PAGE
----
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Redwood National Park's (Not So) Bald Hills

Cross-posted all over the place; my apologies to those of you who see this more than once.

I suggest visiting California in spring; I suggest visiting the redwoods in late spring; and I suggest visiting Redwood National Park's Bald Hills Road right now.

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I began my first week of my third summer season as an interpretive ranger at Redwood National Park on Monday, and we spent Wednesday afternoon training in the field. For updates on vegetation and fire management within the parks, we began our afternoon at Lyons Ranch at the park's southern boundary. Ranchers burned the prairies on the ridgelines above the redwoods to provide more nutritious grazing for their cattle, just as the local tribes have for elk and deer over millenia, and as the park's fire management staff now does within its boundaries. Our main fire guy informed us that two years after such a prescribed burn, the purple lupine often respond with robust blooms; but in over twenty years on the job, he had never seen a bloom quite like this.

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If you can make the trip, visit now and take that extra time to explore Bald Hills Road beyond the redwood forest; you'll get a special treat that we just can't offer any old time!


( 28 comments — Leave a comment )
May. 17th, 2007 03:30 pm (UTC)
that's pretty awesome. the last photo looks like some enthusiastic child got ahold of the lilac crayon and colored in all the wrong places!
May. 18th, 2007 11:11 pm (UTC)
Dang, you could get a ranger job with analogies like that ... do I have to compete with you now, too? {|;D>
May. 17th, 2007 04:19 pm (UTC)
Absolutely stunning!
May. 18th, 2007 11:14 pm (UTC)
You should make a trip of it. Everything seems just about perfect at the park right now.

Alternatively, you could inquire with more local types, get a hold of knowledgeable people on the fire/lupine tip, and keep it closer to home if you have any spectacular blooms in the Beaver State (ha ha, you live in the Beaver State!).
May. 17th, 2007 05:51 pm (UTC)
love the purples, I plan to be out there about late sept oct
May. 18th, 2007 11:20 pm (UTC)
Most people seem to like the weather best around the switch from September to October (I personally prefer the spring), but don't expect the Bald Hills to look anything like above; expect instead to see them brown and burning. The fire management folks encourage the public to check out the burns, so if you have any interest, head uphill this fall.

The redwood forest itself, of course, looks and feels spectacular any old time. The autumn seems to provide the most reliable dose of redwoods-basking-in-the-sun smell, a unique scent I especially love. But the overwhelming swirling-lupine-syrup smell (I have to credit another ranger with that one - thanks, Nancy Jo!) certainly rivals the former for favorite.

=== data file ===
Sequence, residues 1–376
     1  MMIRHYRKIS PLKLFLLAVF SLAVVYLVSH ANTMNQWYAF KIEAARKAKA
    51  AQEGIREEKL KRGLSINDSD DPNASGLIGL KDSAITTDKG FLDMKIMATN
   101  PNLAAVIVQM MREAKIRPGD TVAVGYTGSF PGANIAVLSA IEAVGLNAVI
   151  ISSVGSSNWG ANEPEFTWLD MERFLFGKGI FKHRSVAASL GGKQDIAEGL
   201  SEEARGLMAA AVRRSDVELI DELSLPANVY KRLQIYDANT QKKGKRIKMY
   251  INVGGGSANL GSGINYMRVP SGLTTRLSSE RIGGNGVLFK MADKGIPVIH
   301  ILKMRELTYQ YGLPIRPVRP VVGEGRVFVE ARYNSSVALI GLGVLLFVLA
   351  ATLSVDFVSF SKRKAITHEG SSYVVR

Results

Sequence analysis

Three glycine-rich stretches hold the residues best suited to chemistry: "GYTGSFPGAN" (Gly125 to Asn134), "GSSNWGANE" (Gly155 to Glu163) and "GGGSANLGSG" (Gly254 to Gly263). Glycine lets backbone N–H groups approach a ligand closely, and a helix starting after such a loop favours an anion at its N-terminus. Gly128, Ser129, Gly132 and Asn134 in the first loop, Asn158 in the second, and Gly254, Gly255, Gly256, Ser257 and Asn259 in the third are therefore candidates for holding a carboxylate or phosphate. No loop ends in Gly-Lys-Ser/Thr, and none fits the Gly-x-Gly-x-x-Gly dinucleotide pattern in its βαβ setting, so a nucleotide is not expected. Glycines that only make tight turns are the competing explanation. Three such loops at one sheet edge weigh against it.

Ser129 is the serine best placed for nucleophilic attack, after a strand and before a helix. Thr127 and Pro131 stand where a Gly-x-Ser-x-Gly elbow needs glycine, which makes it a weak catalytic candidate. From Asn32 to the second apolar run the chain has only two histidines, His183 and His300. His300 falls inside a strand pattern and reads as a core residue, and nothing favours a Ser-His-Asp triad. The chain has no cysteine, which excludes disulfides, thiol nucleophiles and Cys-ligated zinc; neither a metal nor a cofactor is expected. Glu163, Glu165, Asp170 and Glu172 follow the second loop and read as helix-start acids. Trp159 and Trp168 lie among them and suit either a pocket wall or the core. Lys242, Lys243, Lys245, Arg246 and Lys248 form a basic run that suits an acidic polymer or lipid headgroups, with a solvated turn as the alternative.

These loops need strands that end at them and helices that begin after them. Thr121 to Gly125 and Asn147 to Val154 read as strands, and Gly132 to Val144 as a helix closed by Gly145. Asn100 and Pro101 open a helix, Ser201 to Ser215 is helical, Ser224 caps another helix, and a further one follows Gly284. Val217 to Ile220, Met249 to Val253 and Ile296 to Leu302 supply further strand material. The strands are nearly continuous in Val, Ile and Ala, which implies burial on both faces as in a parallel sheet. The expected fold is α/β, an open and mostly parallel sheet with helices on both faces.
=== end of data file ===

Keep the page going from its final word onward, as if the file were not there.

May. 18th, 2007 11:38 pm (UTC)
well summer is for the rockies for me, I'm heading there on a road trip this summer then down the west coast sept oct.
May. 18th, 2007 02:52 am (UTC)
Last year my husband tried to call someone in the part about putting together a "Camp Fire Talk". I don't know the actual name. He used to do it at the state parks in Monterey, he would offer some type of weather related talk around a campfire w/in the park. Any idea who he could talk to about doing this in Redwood? I don't know who he previously tried talking to, but I don't think his calls were ever returned.
May. 18th, 2007 11:23 pm (UTC)
If he'd like to do a guest campfire program semi-regularly, he'd have the best luck joining us as a volunteer. If he'd prefer to do a one-off program, I'll check into how to go about that (and you have a written record of that here, so I have to follow up on this for you ;)> ).

Of course, if he wants to get paid for the campfire talk, we already pay people for those {|;)>
May. 18th, 2007 03:33 am (UTC)
Beautiful place, beautiful photos. That first one is really terrific. I love the composition.
May. 18th, 2007 04:18 am (UTC)
What lovely pictures, especially the first one. Over here lupins are classed as weeds! My son always takes note of where summer bush fires are, so that when winter comes (when most of our native plants are blooming) he knows just where to go to find native orchids and other plants that grow so well after the fires.
May. 18th, 2007 11:30 pm (UTC)
Here, weediness depends upon the particular species of lupine. We like our native purple lupine just fine, but the yellow bush lupine - native just a few hundred miles to the south - stabilizes our ordinarily dynamic coastal dunes and fixes nitrogen in the ordinarily nitrogen-poor soil, facilitating further invasion. Big pain in the ass.